And the couples railed at the chant and the frown
Of the witch-men lean, and laughed them down.
(O rare was the revel, and well worth while
That made those glowering witch-men smile.)
The cake-walk royalty then began
To walk for a cake that was tall as a man
To the tune of “Boomlay, boomlay, BOOM,”
# With a touch of negro dialect,
and as rapidly as possible toward the end. #

While the witch-men laughed, with a sinister air,
And sang with the scalawags prancing there: —
“Walk with care, walk with care,
Or Mumbo-Jumbo, God of the Congo,
And all of the other
Gods of the Congo,
Mumbo-Jumbo will hoo-doo you.
Beware, beware, walk with care,
Boomlay, boomlay, boomlay, boom.
Boomlay, boomlay, boomlay, boom,
Boomlay, boomlay, boomlay, boom,
Boomlay, boomlay, boomlay,
# Slow philosophic calm. #

Oh rare was the revel, and well worth while
That made those glowering witch-men smile.

III. The Hope of their Religion

# Heavy bass. With a literal imitation
of camp-meeting racket, and trance. #

A good old negro in the slums of the town
Preached at a sister for her velvet gown.
Howled at a brother for his low-down ways,
His prowling, guzzling, sneak-thief days.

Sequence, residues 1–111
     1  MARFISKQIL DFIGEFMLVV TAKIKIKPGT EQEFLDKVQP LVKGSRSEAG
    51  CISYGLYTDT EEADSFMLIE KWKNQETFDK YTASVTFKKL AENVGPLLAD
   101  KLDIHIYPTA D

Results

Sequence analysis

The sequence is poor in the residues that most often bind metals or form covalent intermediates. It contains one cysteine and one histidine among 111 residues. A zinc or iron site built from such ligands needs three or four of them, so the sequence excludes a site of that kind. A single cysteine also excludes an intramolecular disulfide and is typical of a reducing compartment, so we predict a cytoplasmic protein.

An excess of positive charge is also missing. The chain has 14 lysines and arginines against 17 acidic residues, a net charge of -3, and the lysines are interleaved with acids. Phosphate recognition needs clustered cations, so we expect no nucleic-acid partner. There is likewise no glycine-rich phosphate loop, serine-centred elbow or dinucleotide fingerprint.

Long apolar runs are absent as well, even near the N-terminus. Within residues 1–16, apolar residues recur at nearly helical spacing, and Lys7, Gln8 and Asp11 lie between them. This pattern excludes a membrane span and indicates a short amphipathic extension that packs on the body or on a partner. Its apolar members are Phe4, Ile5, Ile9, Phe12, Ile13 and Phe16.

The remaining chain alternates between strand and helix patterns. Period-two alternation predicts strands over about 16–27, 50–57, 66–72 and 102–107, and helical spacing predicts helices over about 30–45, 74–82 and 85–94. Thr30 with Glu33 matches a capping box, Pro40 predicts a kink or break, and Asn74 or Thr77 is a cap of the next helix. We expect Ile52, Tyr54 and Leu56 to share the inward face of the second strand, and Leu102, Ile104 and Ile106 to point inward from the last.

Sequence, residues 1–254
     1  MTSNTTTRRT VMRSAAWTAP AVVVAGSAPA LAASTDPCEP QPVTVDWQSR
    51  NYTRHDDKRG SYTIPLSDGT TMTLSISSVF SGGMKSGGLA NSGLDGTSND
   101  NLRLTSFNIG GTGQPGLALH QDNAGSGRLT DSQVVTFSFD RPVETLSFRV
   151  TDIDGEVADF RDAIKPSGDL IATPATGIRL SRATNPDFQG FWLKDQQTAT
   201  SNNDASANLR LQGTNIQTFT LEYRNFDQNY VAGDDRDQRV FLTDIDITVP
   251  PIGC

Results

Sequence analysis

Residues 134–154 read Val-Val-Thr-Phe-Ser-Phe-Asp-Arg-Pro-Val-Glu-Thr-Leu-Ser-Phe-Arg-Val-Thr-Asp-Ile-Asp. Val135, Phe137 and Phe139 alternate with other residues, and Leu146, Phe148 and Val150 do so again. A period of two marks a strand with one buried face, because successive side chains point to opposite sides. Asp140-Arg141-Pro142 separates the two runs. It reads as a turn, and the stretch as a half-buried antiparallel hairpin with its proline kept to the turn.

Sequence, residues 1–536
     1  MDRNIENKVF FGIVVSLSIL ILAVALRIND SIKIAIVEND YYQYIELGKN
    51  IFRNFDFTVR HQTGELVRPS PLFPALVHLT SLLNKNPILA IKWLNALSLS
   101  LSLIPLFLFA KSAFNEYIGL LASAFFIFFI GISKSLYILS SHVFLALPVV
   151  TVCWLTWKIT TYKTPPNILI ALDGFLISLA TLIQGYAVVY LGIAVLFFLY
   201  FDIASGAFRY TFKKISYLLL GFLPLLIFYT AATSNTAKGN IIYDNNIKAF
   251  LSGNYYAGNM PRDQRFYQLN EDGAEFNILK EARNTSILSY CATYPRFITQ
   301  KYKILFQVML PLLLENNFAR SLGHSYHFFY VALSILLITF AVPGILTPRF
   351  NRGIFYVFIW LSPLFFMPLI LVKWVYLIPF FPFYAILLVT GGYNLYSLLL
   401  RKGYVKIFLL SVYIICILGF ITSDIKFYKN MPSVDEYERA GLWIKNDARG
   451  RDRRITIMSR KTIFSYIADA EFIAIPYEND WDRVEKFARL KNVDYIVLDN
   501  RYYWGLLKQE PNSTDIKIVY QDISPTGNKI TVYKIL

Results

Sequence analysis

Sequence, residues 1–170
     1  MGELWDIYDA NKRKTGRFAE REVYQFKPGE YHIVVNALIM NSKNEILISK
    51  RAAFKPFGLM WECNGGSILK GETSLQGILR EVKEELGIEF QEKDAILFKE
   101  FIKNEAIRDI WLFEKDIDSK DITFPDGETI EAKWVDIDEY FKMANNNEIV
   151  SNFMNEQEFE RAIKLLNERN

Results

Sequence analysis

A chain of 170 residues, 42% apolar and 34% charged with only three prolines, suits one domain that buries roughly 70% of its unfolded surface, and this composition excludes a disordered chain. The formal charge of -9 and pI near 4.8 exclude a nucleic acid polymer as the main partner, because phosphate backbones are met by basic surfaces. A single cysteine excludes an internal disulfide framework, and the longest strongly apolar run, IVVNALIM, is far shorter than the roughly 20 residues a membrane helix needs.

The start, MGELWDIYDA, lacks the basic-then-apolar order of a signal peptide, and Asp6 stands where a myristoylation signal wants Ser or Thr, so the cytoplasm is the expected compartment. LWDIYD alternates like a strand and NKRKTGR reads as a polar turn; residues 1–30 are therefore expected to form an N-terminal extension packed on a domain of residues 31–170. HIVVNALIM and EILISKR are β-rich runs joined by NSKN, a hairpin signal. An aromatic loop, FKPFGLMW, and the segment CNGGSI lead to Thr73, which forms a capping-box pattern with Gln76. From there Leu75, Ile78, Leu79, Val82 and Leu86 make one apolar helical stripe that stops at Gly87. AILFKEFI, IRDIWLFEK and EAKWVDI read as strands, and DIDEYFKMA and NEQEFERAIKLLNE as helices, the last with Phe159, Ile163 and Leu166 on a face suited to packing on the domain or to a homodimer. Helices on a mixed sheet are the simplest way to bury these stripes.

Beat on the Bible till he wore it out
Starting the jubilee revival shout.
And some had visions, as they stood on chairs,
And sang of Jacob, and the golden stairs,
And they all repented, a thousand strong
From their stupor and savagery and sin and wrong
And slammed with their hymn books till they shook the room
With “glory, glory, glory,”
And “Boom, boom, BOOM.”
# Exactly as in the first section.
Begin with terror and power, end with joy. #


And the gray sky opened like a new-rent veil
And showed the apostles with their coats of mail.
In bright white steele they were seated round
And their fire-eyes watched where the Congo wound.
And the twelve Apostles, from their thrones on high
Thrilled all the forest with their heavenly cry: —
# Sung to the tune of “Hark, ten thousand
harps and voices”. #

“Mumbo-Jumbo will die in the jungle;
Never again will he hoo-doo you,
Never again will he hoo-doo you.”
# With growing deliberation and joy. #

Then along that river, a thousand miles
The vine-snared trees fell down in files.
Pioneer angels cleared the way
For a Congo paradise, for babes at play,
For sacred capitals, for temples clean.
Gone were the skull-faced witch-men lean.
# In a rather high key — as delicately as possible. #

There, where the wild ghost-gods had wailed
A million boats of the angels sailed
With oars of silver, and prows of blue
And silken pennants that the sun shone through.
‘Twas a land transfigured, ’twas a new creation.
Oh, a singing wind swept the negro nation
And on through the backwoods clearing flew: —
# To the tune of “Hark, ten thousand harps and voices”. #

“Mumbo-Jumbo is dead in the jungle.
Never again will he hoo-doo you.
Never again will he hoo-doo you.”
Redeemed were the forests, the beasts and the men,
And only the vulture dared again
By the far, lone mountains of the moon
To cry, in the silence, the Congo tune: —
# Dying down into a penetrating, terrified whisper. #

“Mumbo-Jumbo will hoo-doo you,
Mumbo-Jumbo will hoo-doo you.
Mumbo . . . Jumbo . . . will . . . hoo-doo . . . you.”